We still had beef and veg farms to visit, and more for children as it was half term.

Friday’s family day started with a tour of Nevern Valley Veg, picking up their produce for the day’s meals.

Naomi, brought up two miles away on a veg growing small holding returned to her parents’ town with Richard. They now have permission to build an eco home on their 7 acres with the OPD policy mentioned. Their field supplies a range of organic veg to families and shops five miles around, a density that allows them to progress to a strong electric cargo bike for deliveries. Their holding is dedicated to feeding nature as well as people, using habitat to lure in predators – frogs, barn owls, mice, birds, bats, bees to control their pests and to pollinate. Richard related how the white barn owl roosted in their barn and disappeared for its nights hunting when they arrived,  but now spends his nights hunting within sight as their field has grown so abundant in prey. The holding uses the river to irrigate and the sun to pump its water up to the crops. An electrical engineer upgraded a flimsy leisure garden solar PV system to a heavy duty pump and inverter system.

Young adults manned the apple pressing, dinner making, cake making, collage and bird feeder creation tables, and children circulated and joined in at will. The youngest ones made full use of the halls giant floor space. Parents, children, onlookers, cooks  sat down together to eat the fare, another entirely plant based meal and I saw no rejections among the 21 children around long table.

Back in the hall, the food for the children cleared away, Myfanwy cooked for the evening. It was meant to be simple, but being her, ended up sumptuous another plants only mini banquet. She co-runs rebel kitchen feeding the thousands on the streets all over the UK at climate and other protests.

Carwyn Graves arrived and drew a large crowd to set our efforts into the context of Wales food history. He shared the hidden historic traditions and local dish names, that were once everywhere in Wales but went unsung as they were just ordinary until they vanished to the remote corners where he found the traditions still live in practice or as memories. The stories are collected into his latest book. Unfortunately the batch he brought sold out within minutes.

Now was the part of the festival I hoped and feared the most, the community meeting to plan ahead.

I prayed this would not just be a one week jolly but lead to something more permanent, I had no way of controlling the outcome. It was led by Jess Seaton and Cris Tomos who has inspired so many community owned initiatives Despite the conversation wandering down channels with turbulent counter currents it was brought back to a vote on one of the proposals put forward:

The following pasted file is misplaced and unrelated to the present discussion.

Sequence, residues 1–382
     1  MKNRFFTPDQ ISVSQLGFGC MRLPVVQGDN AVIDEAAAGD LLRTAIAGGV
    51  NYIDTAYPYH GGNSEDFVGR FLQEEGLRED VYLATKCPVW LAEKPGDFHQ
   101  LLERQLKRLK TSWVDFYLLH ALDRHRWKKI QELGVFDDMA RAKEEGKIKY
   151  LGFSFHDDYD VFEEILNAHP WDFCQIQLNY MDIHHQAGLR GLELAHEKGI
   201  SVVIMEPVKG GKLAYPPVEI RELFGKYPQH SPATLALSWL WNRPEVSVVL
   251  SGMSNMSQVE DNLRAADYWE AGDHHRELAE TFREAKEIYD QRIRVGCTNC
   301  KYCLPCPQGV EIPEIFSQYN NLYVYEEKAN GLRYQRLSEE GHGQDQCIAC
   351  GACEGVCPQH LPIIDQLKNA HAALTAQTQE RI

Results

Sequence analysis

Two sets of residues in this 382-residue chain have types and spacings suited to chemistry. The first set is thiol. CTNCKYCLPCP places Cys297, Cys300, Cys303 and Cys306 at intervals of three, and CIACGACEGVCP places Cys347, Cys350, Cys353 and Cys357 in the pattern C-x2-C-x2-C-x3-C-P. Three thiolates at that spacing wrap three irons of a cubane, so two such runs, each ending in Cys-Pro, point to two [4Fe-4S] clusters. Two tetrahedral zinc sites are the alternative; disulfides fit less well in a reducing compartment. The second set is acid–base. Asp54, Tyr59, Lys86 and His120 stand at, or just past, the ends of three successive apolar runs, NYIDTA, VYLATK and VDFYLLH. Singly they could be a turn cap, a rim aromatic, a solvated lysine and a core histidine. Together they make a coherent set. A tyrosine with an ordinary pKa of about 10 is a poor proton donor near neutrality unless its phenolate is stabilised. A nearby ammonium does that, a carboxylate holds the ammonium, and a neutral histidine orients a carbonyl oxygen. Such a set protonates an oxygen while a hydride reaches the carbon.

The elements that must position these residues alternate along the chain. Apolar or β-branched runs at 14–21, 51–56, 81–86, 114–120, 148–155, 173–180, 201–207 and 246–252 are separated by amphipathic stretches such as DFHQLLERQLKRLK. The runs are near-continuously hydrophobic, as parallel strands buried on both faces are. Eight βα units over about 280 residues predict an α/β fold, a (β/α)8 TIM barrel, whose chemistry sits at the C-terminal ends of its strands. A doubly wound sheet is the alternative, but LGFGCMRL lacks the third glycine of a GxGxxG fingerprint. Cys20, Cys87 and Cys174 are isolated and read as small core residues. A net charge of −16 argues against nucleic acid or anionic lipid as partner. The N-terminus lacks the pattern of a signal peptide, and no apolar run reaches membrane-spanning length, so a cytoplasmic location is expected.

Everyone voted for a community purchase of the town whole food shop whose failure to sell was putting the business at risk of closure. There was hope to grow its local food ethos, and add more cooking and teaching to extend the food festival achievements.

The meeting  wanted to extens the appeal of sustainable local food socially, breaking free of its rich niche confines.

Fishguard food festival organisers reported on the neighbouring town’s food festival, taking place concurrently.  It was a huge success.

Relationship and collaboration was the way forward from here, using our knife and fork to recalibrate the economy and landscape.

So the following day a group – most had been on several tours, went on one final one up Carningli the Vaughans long hord farm. Robert shared his family history farming since the 1700’s, and we met the awesome cows, calves and bull herd, responding to our presence from a little distance. They made humans feel small and temporary with their shaggy ancestral aura of a mammoth bison cross. We enjoyed the no punches pulled nitty gritty life of farmer and herd, laughing on the mountainside

We had heard of the nutrient dense flavour and purses came out, but demand was growing faster than the slow growing ancient breed. there was none for sale.

So the week ended with a party at the Trewern where there was music, ten folk musicians taking it in turns to lead and two bands. Another networking opportunity. I found a team for a new community growing garden we are starting in the county town.

This was one village sized town’s festival. Zoom out and discover it is not unique, Fishguard had food festival at the same time, over two weeks. This, its first festival, was incredibly successful, 400 at its food fair, a sold out cinema to learn about sustainable sea farming a packed hall for the finale banquet prepared by students under the guidance of Alex Heff Wales renowned chefs. Its secret was the determined combined efforts of the town, as with all their multitude of festivals that define the town and have lifted it clear of the depression and dereliction that have claimed so many rural towns as shopping habits change